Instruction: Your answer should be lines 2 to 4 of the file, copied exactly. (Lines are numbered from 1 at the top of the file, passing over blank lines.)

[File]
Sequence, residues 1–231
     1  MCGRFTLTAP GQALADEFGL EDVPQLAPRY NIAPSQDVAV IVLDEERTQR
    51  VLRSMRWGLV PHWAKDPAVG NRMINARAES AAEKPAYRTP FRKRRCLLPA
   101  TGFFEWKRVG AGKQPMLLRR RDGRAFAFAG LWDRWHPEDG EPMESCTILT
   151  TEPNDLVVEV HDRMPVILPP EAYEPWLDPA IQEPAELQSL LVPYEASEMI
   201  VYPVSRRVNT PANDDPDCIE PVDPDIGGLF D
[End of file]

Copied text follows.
     1  MCGRFTLTAP GQALADEFGL EDVPQLAPRY NIAPSQDVAV IVLDEERTQR
    51  VLRSMRWGLV PHWAKDPAVG NRMINARAES AAEKPAYRTP FRKRRCLLPA
   101  TGFFEWKRVG AGKQPMLLRR RDGRAFAFAG LWDRWHPEDG EPMESCTILT